By Virginia Nowakowski, NPHR Editor
What do public health nerds and Game of Thrones fans have in common? “Jon Snow.” Anyone who studies public health has learned about John Snow, the “Father of Epidemiology” and his quest to understand a cholera outbreak in London. The man made a sizable contribution to public health through his research. But how many students learn about Dr. Rebecca Lee Crumpler or Dr. Selma Dritz?
As Women’s History Month draws to a close and National Public Health Week begins, here are some inspiring ladies who have helped to improve public health in America.
Dr. Rebecca Lee Crumpler
Born in 1831, Dr. Crumpler developed an interest in medicine after seeing her aunt care for sick neighbors. She worked as a nurse for eight years before becoming the first African American woman to earn an M.D. At the end of the Civil War, she moved from Massachusetts to Richmond, Virginia, braving racism often experienced by Black physicians in the South to provide medical care to underserved populations, including American Indians and other people of color. Dr. Crumpler joined several other Black physicians to serve the needs of freed slaves by coordinating medical care with the Freedmen’s Bureau and community and missionary groups. She also focused physicians’ attention more on the health of women and children, publishing a book specifically addressing their needs in 1883.
Although Henrietta Lacks passed away in 1951, her legacy continues to change medicine and save lives. The young mother of five provided doctors with a sample of her cells, now known as HeLa cells, whose immortal nature have allowed scientists to study diseases in labs around the world even today. Her cells paved the way for the first HPV vaccine, a better understanding of telomeres and how cells stay young, the near-eradication of polio with Salk’s vaccine, a clearer picture of the human genome, and numerous discoveries about different viruses and the best ways to fight them. Lacks’ legacy has also played a major role in continuing conversations about ethics in health – as the high profile story about her and her family called attention to issues of privacy and discrimination in the field of medical care and public health.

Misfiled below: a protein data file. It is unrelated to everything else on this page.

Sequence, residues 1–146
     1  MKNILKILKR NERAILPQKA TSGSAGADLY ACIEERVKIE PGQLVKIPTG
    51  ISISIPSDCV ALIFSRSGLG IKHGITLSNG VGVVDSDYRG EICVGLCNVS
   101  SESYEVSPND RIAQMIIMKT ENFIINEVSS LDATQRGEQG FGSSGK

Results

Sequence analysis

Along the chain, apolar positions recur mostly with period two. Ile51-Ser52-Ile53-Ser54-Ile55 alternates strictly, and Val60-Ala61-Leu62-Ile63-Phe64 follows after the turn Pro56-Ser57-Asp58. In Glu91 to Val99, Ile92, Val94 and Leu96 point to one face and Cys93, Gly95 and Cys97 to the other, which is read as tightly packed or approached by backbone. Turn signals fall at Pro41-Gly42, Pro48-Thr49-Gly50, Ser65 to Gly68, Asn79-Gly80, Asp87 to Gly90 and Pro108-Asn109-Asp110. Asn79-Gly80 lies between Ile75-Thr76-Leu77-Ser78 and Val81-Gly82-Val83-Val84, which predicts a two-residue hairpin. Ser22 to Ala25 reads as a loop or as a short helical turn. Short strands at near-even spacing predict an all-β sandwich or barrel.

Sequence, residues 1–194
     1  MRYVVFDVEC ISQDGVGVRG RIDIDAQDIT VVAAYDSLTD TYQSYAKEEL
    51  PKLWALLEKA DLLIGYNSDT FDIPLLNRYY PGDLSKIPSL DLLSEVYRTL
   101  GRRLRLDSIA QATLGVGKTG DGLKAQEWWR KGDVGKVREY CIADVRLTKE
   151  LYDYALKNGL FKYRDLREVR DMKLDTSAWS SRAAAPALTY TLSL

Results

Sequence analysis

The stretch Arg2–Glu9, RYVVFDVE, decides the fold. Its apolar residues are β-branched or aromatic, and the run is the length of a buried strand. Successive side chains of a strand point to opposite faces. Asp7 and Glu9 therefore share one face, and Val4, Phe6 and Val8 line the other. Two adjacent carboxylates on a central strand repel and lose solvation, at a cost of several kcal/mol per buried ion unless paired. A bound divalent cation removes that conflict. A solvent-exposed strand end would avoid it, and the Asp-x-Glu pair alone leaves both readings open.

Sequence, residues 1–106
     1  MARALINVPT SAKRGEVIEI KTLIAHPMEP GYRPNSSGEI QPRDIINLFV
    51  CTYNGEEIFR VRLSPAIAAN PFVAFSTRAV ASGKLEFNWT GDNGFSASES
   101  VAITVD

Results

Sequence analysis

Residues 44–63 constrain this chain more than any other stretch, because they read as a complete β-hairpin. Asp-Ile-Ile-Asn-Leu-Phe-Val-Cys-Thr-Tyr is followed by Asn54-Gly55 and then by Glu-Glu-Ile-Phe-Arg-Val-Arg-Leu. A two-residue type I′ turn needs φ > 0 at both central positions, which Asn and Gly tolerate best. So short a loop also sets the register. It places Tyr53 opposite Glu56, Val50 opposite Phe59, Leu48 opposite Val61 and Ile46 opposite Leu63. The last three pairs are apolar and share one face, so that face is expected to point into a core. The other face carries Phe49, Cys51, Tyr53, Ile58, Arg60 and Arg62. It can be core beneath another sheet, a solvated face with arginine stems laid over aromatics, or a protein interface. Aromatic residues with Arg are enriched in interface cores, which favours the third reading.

Barton actually started out as a teacher at the age of 15. However, she soon found her true calling in the midst of the American Civil War. She was determined to help the war effort in any way she could and eventually became an independent nurse. Following the Battle of Antietam, soldiers named Barton the “angel of the battlefield” for her diligent work in caring for the wounded. Barton continued to care for casualties of war in Europe during the Franco-Prussian War of 1870-1871. Her experiences there inspired her to form an American chapter of the International Red Cross, one of the best-known public health agencies in the world. With her leadership, the organization cared for the wounded in the Spanish American War; assisted those dealing with flood, famine, and tornados throughout the U.S.; and opened an international headquarters of the American Red Cross in Turkey.
Dr. Selma Dritz